Payroll Fraud: It’s Global, Varied and Fueled by Technology


Payroll fraud is a global issue that is not defeated by technology. In fact, technology helps perpetuate fraud, such as the ability to photograph checks with a smartphone for deposit purposes. 

Employers that process payroll in house should look at security and password protocols and keep printers and copiers in secured areas, said Stephanie Salavejus, CPP, vice president and chief operating officer at PenSoft.

Access to the payroll department should be controlled and employers should have automated clearinghouse filters in place, Salavejus said at the annual American Payroll Association Congress in Orlando, Fla.

Employers that outsource payroll operations should reach out to their provider to find out about account security protocols, Salavejus said May 20. 

There are various types of payroll fraud is varied and has been connected to worker classification, time and attendance, counterfeit employees, benefits, and payroll processing checks and balances, said Levi Meeske, CPP,  payroll manager at PSA Healthcare.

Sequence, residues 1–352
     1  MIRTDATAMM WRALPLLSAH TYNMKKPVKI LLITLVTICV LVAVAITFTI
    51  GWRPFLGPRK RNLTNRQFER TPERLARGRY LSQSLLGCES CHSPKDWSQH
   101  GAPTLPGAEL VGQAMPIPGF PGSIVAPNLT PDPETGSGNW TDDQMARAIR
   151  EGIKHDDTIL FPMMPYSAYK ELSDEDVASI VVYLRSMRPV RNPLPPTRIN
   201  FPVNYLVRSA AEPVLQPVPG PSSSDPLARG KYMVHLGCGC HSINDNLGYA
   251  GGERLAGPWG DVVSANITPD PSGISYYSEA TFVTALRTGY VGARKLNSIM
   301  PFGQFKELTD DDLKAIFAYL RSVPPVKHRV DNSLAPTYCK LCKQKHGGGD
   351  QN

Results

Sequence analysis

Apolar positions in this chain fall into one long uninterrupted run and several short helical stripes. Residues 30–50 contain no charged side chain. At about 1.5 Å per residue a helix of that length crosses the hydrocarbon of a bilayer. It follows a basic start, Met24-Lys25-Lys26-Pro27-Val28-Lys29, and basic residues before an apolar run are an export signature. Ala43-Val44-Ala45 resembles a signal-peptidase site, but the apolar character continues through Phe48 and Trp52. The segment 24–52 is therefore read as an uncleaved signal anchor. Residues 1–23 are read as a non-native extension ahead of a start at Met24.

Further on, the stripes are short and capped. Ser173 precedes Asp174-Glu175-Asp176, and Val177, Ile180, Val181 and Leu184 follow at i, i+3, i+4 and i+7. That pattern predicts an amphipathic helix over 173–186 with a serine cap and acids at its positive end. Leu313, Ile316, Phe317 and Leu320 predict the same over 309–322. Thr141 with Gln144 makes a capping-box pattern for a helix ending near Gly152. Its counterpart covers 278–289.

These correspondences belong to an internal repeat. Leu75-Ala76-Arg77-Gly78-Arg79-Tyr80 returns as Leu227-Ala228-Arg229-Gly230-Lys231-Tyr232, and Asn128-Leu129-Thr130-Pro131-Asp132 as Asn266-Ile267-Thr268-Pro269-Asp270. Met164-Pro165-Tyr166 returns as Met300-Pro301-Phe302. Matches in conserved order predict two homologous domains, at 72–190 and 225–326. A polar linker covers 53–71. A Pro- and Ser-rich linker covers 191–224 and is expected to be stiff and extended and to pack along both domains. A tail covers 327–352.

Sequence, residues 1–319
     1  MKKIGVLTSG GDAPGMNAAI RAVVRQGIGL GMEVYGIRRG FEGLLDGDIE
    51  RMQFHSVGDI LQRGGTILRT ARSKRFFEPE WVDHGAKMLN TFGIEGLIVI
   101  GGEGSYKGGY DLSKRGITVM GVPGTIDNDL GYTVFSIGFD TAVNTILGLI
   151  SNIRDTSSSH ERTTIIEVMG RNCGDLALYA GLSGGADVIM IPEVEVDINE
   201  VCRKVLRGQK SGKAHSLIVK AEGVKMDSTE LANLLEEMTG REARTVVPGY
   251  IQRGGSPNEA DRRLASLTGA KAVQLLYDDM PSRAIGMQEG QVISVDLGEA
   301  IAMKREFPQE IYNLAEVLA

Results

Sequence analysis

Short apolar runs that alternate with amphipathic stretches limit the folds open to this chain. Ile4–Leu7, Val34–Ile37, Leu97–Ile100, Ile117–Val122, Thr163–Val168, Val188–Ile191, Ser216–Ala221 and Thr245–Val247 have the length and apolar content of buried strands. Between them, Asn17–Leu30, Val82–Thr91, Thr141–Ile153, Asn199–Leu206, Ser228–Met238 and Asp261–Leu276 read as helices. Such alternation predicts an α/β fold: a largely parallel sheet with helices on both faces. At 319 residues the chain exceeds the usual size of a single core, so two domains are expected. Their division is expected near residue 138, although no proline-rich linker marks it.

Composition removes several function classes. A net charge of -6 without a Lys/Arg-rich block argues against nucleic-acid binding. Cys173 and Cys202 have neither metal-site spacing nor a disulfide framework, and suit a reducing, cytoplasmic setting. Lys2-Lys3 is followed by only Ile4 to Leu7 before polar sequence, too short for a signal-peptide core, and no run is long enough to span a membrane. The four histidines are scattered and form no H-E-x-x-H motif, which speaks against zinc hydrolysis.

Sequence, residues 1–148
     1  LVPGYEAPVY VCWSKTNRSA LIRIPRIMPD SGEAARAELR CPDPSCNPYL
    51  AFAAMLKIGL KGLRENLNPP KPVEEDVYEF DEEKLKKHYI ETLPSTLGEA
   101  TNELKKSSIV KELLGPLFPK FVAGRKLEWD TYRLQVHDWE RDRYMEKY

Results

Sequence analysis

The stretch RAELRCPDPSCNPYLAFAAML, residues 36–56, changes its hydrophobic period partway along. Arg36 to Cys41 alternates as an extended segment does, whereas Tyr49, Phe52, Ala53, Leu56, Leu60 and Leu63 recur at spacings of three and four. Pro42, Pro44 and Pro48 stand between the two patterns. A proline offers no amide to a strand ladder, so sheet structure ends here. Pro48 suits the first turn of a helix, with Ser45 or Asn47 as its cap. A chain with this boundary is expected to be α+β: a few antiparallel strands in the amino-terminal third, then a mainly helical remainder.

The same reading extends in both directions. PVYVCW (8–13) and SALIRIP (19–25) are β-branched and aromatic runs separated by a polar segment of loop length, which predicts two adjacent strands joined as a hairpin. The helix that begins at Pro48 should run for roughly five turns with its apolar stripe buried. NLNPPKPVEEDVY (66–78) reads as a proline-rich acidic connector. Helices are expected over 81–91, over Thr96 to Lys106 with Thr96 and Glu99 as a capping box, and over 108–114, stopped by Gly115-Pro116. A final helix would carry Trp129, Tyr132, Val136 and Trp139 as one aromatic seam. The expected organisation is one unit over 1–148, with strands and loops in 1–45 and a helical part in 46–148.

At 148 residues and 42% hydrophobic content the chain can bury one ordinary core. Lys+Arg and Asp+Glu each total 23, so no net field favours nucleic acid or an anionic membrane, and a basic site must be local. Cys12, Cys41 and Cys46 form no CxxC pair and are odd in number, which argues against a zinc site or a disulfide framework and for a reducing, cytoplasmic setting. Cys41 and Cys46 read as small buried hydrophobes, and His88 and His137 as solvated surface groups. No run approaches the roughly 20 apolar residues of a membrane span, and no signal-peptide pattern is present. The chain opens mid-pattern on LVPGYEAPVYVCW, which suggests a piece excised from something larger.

“All companies are vulnerable to payroll fraud from external and internal sources” and the schemes continue to evolve, Meeske said. Employers can best defend against fraud by understanding how weaknesses in their processes can create opportunities for perpetrators to commit crimes, they said.

Employers should “implement tighter controls and remain vigilant in monitoring all elements of their business,” Meeske said.

Take a free trial of Bloomberg BNA’s Payroll Decision Support Network, your one-stop resource for reliable, up-to-date guidance and analysis in every area of payroll administration and compliance.

Follow Bloomberg BNA on Twitter @BloombergBNA and join the Bloomberg BNA U.S. and Global Payroll group on LinkedIn.